[3168 reverse] shillings. I have ordered half a dozen pair. If you like I will get a quantity sufficient to last me for several voyages to come, as I shall never again, perhaps, have so good a chance. We shall leave Bombay by the twentieth of January or the first of February at latest so that I shall be at home by the beginning of January. Will any thing wonderful be going on at that time. We have had a very nice girl on board on the passage out and of course I entered the lists in her, cause, and consequently came out victorious. I am now greaty chuffed[?] about her, but I take great credit to myself mind you, as she was the only young lady on board. She has gone up the country now, but I receive letters from her frequently. I had a very narrow escape with my life this passage. We were +++ to off the Cape of Good Hope in as all of wind, and +++ to 

[3167 written across the page] that was entirely out of the question: I was standing on one of the +++ (trying to keep the wind from blowing up the +++ which the Carpenter was +++ down at the time and an immense +++ washed me through one of the ports which was +++ to allow the water to even off the deck I could not see anything but found myself washed back against the ships sic[?] side which I caught hold of and when the ship +++ over again I crawled in looking very much like a drowned rat[?]. That is if any one could have seen me I never had such a narrow escape before. I shall try to get into the Indian navy if I can whilst I live[?] here +++ is a very good place to get on and also the pay is very good. I think by the letter, I have to the governor +++ one I have to a captain in the Indian navy, from five hours ago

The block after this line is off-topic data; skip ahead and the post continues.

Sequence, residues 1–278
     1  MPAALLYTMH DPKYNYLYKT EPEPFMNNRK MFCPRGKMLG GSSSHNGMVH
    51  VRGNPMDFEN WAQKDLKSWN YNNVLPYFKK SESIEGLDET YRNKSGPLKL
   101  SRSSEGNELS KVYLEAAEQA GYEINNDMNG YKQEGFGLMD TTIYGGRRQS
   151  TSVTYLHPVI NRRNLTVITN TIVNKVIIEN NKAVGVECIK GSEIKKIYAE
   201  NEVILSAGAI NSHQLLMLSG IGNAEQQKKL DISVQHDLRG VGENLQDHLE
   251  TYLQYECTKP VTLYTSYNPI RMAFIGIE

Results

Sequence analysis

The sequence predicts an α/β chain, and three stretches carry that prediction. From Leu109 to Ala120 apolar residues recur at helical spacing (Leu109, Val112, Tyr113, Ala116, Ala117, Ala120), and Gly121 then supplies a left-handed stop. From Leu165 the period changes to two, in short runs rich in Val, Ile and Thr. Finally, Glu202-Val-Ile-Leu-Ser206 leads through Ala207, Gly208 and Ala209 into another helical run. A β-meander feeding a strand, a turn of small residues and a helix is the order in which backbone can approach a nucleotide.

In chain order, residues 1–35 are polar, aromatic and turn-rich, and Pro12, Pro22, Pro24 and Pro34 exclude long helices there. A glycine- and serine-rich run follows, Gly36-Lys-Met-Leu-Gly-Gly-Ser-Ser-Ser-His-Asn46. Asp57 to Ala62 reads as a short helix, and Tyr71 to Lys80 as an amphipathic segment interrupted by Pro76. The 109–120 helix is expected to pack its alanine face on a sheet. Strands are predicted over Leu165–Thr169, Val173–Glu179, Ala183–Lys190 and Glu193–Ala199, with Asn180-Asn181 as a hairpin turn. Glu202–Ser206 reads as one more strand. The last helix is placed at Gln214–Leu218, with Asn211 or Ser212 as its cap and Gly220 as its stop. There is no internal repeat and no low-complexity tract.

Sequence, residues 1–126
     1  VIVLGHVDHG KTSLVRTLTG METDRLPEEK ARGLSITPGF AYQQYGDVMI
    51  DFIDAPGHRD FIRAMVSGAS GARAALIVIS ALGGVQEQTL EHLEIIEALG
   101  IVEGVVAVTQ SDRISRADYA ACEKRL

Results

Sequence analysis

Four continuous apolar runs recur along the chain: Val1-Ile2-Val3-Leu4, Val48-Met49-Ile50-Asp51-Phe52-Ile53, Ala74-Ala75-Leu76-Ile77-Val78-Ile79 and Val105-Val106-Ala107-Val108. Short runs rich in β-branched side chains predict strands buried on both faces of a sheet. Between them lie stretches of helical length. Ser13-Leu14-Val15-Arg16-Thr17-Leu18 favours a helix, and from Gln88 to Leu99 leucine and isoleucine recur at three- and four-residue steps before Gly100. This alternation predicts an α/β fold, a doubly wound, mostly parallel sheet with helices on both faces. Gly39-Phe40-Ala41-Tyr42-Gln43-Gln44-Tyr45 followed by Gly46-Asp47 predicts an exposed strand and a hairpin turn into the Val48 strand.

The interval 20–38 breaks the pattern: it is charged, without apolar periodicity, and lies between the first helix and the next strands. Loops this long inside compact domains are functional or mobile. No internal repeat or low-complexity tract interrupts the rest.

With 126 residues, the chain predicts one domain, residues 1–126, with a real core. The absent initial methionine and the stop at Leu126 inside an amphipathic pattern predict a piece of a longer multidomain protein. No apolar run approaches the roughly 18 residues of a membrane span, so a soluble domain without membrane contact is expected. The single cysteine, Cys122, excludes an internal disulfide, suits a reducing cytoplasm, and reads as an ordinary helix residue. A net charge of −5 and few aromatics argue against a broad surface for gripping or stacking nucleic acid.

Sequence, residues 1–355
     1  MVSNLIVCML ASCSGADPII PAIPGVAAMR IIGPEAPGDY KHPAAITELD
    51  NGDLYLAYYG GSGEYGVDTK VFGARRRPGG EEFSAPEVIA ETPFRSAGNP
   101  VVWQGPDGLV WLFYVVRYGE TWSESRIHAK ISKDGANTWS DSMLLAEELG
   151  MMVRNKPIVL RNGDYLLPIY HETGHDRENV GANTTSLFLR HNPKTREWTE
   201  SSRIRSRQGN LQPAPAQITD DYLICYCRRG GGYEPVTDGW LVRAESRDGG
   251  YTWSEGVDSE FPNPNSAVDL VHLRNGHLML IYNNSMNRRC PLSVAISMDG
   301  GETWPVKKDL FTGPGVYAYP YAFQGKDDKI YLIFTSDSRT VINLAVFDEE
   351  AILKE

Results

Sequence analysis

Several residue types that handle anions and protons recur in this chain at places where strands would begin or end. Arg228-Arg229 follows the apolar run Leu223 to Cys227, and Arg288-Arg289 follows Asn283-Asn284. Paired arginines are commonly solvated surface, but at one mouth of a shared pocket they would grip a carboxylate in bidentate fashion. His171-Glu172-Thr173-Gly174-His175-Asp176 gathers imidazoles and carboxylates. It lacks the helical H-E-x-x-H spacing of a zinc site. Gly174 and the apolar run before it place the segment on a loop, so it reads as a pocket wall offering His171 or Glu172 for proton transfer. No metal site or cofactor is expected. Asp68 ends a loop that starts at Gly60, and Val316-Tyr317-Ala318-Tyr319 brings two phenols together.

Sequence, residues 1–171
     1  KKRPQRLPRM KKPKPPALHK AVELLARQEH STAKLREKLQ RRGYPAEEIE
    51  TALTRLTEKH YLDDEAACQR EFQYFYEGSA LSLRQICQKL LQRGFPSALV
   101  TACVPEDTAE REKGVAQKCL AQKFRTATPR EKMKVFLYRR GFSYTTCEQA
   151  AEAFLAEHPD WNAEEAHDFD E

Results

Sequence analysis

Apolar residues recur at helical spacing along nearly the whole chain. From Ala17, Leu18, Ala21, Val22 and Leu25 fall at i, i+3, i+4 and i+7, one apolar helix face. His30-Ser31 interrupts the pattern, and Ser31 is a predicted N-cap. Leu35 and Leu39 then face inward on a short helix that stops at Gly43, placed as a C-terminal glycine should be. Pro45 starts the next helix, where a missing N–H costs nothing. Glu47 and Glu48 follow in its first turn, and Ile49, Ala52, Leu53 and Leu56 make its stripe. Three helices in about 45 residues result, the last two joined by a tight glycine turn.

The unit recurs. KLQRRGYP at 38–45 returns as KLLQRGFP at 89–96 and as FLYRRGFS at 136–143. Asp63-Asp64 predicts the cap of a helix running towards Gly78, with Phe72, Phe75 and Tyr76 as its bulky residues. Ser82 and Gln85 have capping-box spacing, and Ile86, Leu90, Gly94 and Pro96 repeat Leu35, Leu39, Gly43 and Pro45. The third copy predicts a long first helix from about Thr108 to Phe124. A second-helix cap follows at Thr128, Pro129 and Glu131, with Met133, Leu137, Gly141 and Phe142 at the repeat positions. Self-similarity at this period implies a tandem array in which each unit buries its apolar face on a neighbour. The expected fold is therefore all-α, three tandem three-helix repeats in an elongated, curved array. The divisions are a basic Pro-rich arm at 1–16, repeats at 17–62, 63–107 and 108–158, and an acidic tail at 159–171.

[3167 reverse written across the page] will do me a great deal of good. The worst part of it is I shall not be able to come home for two or three years. But I think I would sacrifice that to be able to do for myself. I received your letter on my arrival in Bombay which I am much obliged for I am sending this by the steamer which leaves day after to morrow [sic] and as I shall not be able to do anything tomorrow as we ship over +++ and that will leave me no spare[?] time. to put any more I will conclude this. I hope you are all well at home, So Baby much grown, I expect to find her walking when I get home. Good Bye, and Love to Grandmother, aunty, Uncle Charles and the Doctor and +++ +++ your affectionate son F. E. Cushman.
I have taken a new name. It was on account of a 

[3168 written across the page] misunderstanding of "Ned" and as they had  have never altered it. I mean that +++ the of then wrote to me and +++ it Fred. You dont [sic] know what fan I have had this passage.

From

Cushman, Edwin "Ned" Charles, 1838-1909

To

Muspratt, Susan Cushman, 1822-1859

Location

Bombay

Geocode (Latitude)

18.9387711

Geocode (Longitude)

72.8353355

Extended Date/Time Format (EDTF) Specification

?1858-XX-XX

Social Bookmarking

Geolocation

Collection

Citation

Cushman, Edwin "Ned" Charles, 1838-1909, “Letter from Edwin "Ned" Cushman to Susan Cushman Muspratt, n.d. [before 1858],” Archival Gossip Collection, accessed June 25, 2024, https://www.archivalgossip.com/collection/items/show/385.